The Problem With Wearables And Consumer Health Tech Today
The Biggest Opportunity In Consumer HealthTech
Within moments of starting my car, I know whether there are any major mechanical or maintenance issues that could prevent me from getting to where I need to go.
There’s the check engine light, the tire pressure monitor, the odometer, the fuel gauge, and there are even icons to indicate if all doors are properly closed. There’s also a bunch of other things I don’t fully understand.
It’s great because you can see all of the relevant data in one general place - the dashboard.
Your car may be different and my car is far from fancy, but on balance, many modern vehicles have a simple way to see most of the critical status and diagnostic information that you need.
Why isn’t the same true for the human body?
Just as we fuel, clean, service, and push our cars to the extreme limits on a regular basis, we do the same for our bodies. Yet, we don’t have an organized place to monitor everything related to our general health and wellness.
This comes at a time when consumer technology enables us to measure, track and optimize for practically everything about our body. Apple Watches, Oura Rings, step-counters, and take-home kits are all part of the technological movement to give us more data about lifestyle.
I’m really fascinated with health technology and innovation in the wellness space, which can be seen from the numerous previous articles I’ve written on the subject.
Wearable devices, weight scales, blood sugar and glucose monitors, blood work, information from your last doctor visit, and countless other pieces of data are housed in separate places that often require an advanced degree to decipher.
The data lives in so many separate places that don’t communicate with other inputs.
The fact that this information is largely siloed and disconnected is a massive problem and one that I would wager is inadvertently costing us meaningful amounts of money as consumers and as an economy.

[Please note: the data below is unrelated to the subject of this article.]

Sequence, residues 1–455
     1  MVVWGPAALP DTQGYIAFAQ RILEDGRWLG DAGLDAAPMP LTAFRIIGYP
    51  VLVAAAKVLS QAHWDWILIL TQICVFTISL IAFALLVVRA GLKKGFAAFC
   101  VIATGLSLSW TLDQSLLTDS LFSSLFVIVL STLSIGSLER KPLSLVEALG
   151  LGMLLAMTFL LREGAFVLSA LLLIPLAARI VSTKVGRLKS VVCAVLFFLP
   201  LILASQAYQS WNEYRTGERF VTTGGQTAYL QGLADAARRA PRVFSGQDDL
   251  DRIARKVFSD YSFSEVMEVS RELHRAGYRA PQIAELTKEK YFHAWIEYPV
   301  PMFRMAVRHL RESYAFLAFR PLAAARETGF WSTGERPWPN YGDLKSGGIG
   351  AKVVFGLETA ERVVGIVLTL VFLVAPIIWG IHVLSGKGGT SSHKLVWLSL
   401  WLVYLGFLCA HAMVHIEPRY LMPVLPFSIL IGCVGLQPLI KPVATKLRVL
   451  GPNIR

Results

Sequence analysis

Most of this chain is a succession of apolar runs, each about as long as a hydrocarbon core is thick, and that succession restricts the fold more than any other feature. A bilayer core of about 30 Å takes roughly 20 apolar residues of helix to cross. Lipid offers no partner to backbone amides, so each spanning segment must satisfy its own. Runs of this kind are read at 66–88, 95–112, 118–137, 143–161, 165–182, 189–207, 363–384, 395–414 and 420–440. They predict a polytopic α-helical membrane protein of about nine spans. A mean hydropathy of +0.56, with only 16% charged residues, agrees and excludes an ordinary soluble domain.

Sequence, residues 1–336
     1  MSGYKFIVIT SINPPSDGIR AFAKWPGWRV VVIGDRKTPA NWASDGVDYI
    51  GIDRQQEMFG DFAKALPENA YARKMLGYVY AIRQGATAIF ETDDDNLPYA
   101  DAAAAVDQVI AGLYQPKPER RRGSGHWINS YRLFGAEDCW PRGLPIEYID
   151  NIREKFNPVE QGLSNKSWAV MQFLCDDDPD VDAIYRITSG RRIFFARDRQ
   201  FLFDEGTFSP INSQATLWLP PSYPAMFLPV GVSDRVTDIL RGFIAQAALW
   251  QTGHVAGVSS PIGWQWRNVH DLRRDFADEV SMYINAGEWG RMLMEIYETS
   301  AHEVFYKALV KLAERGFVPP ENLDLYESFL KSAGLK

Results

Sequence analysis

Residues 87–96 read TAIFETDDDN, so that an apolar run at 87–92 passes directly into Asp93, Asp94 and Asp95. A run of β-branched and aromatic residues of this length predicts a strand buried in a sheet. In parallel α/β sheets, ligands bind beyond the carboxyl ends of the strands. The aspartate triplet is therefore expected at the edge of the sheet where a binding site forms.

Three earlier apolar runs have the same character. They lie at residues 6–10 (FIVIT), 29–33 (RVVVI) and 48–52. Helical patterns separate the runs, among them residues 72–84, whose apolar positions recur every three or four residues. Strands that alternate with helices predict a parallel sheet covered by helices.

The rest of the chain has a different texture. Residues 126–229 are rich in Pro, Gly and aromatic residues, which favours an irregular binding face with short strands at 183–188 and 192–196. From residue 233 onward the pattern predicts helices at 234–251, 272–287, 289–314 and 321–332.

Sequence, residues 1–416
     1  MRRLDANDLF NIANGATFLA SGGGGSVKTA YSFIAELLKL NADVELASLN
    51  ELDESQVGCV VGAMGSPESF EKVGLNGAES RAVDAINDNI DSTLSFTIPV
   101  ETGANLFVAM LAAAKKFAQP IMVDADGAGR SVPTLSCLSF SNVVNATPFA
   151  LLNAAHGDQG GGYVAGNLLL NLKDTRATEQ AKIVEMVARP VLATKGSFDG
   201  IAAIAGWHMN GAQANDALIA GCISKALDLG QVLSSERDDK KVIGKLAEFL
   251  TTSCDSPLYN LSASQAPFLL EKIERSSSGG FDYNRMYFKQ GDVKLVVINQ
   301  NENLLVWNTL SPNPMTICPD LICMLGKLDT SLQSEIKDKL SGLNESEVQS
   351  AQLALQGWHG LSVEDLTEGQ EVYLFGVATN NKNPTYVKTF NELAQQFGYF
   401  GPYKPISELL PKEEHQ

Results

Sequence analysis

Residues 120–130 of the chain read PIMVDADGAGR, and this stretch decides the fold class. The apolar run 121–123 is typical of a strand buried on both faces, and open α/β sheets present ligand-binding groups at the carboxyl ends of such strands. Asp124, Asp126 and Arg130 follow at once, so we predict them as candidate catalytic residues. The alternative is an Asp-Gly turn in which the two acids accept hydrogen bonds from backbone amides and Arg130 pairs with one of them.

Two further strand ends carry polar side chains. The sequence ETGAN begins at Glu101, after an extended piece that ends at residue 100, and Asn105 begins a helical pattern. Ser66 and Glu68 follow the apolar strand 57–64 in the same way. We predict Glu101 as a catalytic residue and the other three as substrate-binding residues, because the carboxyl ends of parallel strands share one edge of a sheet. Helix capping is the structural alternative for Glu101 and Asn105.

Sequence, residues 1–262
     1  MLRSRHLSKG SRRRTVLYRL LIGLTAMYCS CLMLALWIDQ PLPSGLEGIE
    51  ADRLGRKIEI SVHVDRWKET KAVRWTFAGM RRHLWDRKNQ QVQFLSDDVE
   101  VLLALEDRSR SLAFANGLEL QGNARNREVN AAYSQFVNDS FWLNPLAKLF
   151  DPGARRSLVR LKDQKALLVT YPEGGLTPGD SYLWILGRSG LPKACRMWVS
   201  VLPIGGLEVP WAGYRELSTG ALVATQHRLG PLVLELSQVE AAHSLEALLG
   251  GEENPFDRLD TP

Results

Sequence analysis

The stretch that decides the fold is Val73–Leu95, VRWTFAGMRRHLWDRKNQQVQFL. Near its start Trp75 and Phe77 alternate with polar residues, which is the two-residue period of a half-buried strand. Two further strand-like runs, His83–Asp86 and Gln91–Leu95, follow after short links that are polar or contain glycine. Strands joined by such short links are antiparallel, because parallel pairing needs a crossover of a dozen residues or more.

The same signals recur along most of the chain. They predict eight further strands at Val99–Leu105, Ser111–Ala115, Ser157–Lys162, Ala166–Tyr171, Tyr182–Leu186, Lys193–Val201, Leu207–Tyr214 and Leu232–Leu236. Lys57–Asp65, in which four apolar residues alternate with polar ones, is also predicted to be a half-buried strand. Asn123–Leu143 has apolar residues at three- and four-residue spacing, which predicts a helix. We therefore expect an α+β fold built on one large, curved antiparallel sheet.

We are undoubtedly missing out on clear correlations or associations between behaviors and outcomes.
If the last year taught us anything, it’s that being able to proactively monitor and address health concerns should be a bigger priority.
Wearable companies like Whoop have stated that its technology can predict the risk of deadly respiratory diseases. Data like that can subsequently nudge a person to get tested or seek medical treatment. How much more could be gleaned if data like this was layered with other pieces of health information captured from other medical devices or software?
The obvious explanation about why things are the way they are ranges from multiple companies in the health and hardware stack owning the data and there aren’t clear standards or means for interoperability. Pair that with the fact that healthcare privacy laws create constraints around how data can be accessed.
But should those things stop us from unlocking the real insights, recommendations, and obvious medical suggestions that could result from combining two or more pieces of data? Of course not.
How much more valuable would a general health and wellness smart dashboard be to all consumers than what we have today?
This doesn’t mean that any organization should have more or less of your data than they have today, but simply the ability to let you use your data to better understand it.
A common language, platform, and standard would go a long way in truly empowering consumers. Whether this new standard comes in the form of open source technology, an API, non-private entity, or nonprofit can be up for debate.
What shouldn’t be up for debate is the practical need for a common language.
Companies like Human API and others appear to be tackling part of this problem, but the lack of widespread prevalence of similar technology demonstrates an increased need on this front.
If you too see the problem and opportunity in this space, let this article serve as a push to move us in the right direction to finally bridge technology, data, and consumer usability in a way that hasn’t been done before.
How would your lifestyle change if you could connect all the dots on your health and wellness map?
Great article! This is also why primary care providers are so important to keep people healthy. If our healthcare environment properly used a combination of data, encouraged long-term primary care providers and consumer/holistic health, we'd see significantly improved outcomes. Great article from Atul Gawande on this: https://www.fastcompany.com/90590937/atul-gawande-interview-haven-healthcare